BBC tries to find a compromise to keep Gary Lineker
BBC executives are increasingly confident they will find a way to hang on to Gary Lineker, the company’s star sports presenter, who was sacked for breaching impartiality rules as pressure mounted on chairman Richard Sharp to step down.
Lineker, a former England men’s forward and presenter of game of the day, was suspended on Friday after tweeting criticism of the government’s proposed legislation aimed at preventing migrants from coming to the UK in small boats.
The BBC was thrown into crisis when its weekend sports coverage stalled on TV and radio game of the daythe flagship football program presented by Lineker, was either cut drastically or canceled as pundits and commentators opted out in solidarity with Lineker.
Opposition parties have accused the BBC of giving in to pressure from ministers and Tory MPs to crack down on Lineker.
Labor questioned whether Sharp, a Conservative donor, could continue as BBC chairman amid doubts about his ability to be an independent arbiter due to political bias.
The BBC is keen to keep Lineker, although it concludes that his comments on the government’s policy on dealing with asylum seekers violated their social media usage guidelines.
Speaking to the BBC in Washington on Saturday, BBC director general Tim Davie said: “We want to make sure he can get back on the air. I’m really focused on finding a solution.”
Davie, who was appointed BBC chief executive in 2020, has made ensuring the company’s journalists adhere to “due impartiality” guidelines a central tenet of his role and introduced requirements for social media use.
A widely touted solution to the Lineker crisis would be to relax guidelines for people working outside of news and current affairs.
Davie said on Saturday: “I want to think about these guidelines. I’m in listening mode.”
There are already lower impartiality requirements for BBC staff working outside the news.
But some contributors, including Lineker, “have additional responsibilities to the BBC because of their profile with the BBC”, according to the company’s guidelines.
Mark Thompson, who was director general from 2004 to 2012, told the BBC on Sunday that Lineker, who also works as a freelancer, committed a “technical breach”. . . Nobody thinks this is the same as . . . Huw Edwards [the BBC news presenter] do it. . . Tim Davie will want to look at this policy [on high-profile presenters]“.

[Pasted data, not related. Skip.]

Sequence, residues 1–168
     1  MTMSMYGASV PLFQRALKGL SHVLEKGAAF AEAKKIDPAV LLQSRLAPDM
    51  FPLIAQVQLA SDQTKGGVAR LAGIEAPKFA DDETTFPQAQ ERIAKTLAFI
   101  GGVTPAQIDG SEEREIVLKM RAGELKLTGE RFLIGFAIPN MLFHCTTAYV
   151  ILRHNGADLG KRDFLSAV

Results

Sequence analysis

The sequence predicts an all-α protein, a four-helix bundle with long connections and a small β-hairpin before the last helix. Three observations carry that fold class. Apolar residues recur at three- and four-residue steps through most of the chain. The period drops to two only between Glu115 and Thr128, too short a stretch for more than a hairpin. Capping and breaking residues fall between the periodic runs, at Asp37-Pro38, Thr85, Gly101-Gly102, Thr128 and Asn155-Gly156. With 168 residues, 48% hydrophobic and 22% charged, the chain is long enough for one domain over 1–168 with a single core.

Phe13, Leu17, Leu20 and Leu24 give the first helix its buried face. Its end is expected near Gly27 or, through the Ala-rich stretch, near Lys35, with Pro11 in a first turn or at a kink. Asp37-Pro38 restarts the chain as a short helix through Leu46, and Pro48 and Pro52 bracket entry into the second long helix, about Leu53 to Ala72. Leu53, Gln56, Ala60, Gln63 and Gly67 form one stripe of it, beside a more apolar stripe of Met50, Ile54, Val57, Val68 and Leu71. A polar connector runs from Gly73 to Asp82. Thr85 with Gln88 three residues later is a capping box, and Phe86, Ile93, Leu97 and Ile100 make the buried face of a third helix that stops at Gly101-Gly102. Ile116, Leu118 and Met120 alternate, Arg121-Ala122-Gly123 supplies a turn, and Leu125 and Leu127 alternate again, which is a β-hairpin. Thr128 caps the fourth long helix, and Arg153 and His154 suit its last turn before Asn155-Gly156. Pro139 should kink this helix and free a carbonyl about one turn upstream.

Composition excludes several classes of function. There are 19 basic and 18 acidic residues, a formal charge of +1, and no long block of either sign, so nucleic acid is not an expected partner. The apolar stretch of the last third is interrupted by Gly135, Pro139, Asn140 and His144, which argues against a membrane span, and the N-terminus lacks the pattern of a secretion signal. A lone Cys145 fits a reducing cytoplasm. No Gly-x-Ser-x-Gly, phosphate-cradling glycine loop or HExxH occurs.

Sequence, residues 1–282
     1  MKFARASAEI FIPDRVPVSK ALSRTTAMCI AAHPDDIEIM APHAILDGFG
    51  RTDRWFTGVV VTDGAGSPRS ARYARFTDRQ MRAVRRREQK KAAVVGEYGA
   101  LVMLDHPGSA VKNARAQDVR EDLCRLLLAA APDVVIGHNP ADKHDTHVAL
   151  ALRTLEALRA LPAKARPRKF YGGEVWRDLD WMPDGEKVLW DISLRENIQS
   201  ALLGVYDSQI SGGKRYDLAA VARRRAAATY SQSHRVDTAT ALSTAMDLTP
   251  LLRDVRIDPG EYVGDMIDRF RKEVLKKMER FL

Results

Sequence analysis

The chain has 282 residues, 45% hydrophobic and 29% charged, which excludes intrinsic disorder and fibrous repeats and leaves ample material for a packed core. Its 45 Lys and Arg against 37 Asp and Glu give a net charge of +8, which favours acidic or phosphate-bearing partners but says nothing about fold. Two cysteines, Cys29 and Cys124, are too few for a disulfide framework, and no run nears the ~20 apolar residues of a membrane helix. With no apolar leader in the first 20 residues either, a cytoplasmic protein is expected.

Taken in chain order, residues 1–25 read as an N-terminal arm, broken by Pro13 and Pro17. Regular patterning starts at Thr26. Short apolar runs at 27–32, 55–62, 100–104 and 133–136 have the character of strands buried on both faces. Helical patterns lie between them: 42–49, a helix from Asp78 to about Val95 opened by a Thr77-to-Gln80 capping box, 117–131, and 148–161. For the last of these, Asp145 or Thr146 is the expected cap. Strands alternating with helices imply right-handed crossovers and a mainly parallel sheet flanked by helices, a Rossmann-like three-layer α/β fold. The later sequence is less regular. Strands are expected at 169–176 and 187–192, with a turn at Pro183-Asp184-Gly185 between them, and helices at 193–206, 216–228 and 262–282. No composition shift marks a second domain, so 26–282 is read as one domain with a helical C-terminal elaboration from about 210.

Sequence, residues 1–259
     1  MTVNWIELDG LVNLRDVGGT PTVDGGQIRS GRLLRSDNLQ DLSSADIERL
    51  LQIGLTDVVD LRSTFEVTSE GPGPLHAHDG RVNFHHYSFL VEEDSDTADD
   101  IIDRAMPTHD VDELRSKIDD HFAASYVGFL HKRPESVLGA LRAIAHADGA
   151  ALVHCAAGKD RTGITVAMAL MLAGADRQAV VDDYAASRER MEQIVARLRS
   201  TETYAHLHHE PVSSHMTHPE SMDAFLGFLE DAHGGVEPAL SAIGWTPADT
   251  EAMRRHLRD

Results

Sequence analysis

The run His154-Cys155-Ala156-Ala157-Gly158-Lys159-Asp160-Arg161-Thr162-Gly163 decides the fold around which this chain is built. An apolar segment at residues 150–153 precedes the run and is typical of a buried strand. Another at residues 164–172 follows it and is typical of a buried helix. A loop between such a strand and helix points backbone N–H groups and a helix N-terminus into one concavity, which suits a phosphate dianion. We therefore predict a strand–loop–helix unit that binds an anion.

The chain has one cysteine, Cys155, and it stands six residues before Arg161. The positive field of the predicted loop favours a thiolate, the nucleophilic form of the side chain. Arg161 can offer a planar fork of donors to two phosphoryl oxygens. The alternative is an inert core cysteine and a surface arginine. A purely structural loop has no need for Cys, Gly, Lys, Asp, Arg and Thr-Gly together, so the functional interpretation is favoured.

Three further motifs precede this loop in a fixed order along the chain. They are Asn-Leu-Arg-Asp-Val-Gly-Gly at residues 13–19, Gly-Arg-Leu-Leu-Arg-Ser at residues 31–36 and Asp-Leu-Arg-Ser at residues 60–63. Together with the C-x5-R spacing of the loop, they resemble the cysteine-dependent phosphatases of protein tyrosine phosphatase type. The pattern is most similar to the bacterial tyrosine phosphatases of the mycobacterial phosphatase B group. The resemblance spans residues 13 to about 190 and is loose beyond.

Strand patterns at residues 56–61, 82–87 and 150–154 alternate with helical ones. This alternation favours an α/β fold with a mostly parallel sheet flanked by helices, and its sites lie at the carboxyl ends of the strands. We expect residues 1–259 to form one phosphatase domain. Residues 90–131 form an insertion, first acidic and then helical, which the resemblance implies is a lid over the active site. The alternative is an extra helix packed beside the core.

However, BBC insiders said the other handful of presenters with the same profile as Lineker, such as Graham Norton, had made no similar interventions.
“We cannot rewrite the rule book around one person,” said a senior BBC executive. Another added: “If we let loose[to people outside news]. . . we will just have more rows.”
The company is pressed for time to solve the Lineker saga as next weekend is the FA Cup quarter-finals when the BBC will have a relative rarity: the rights to broadcast two live games featuring a Premier League team. Lineker is expected to present one of the games.
The BBC has been contacted for comment.
Davie has dismissed claims that Lineker was taken off the air due to government pressure.
Chancellor Jeremy Hunt declined to back Lineker’s suspension, telling Sky News: “I think it’s important that we let the BBC solve these problems.”
Meanwhile, Sharp, Rishi Sunak’s former boss at Goldman Sachs, was facing increasing pressure to step down.
Labor culture spokeswoman Lucy Powell said Sharp “cannot be considered a fair arbiter” at this time. The Liberal Democrats said he should resign.
The Sunday Times reported in January that Sharp helped Johnson secure a guarantee for a loan just before the then Prime Minister recommended his appointment as BBC chairman.
Whitehall’s appointments supervisor opened an investigation. Sharp has denied any wrongdoing, saying he “simply linked Johnson to guarantor on a personal loan facility worth up to £800,000”.
Additional reporting by Jasmine Cameron-Chileshe
https://www.ft.com/content/aa8b7a53-d5c3-49a9-bbdc-fb94864844b4 BBC tries to find a compromise to keep Gary Lineker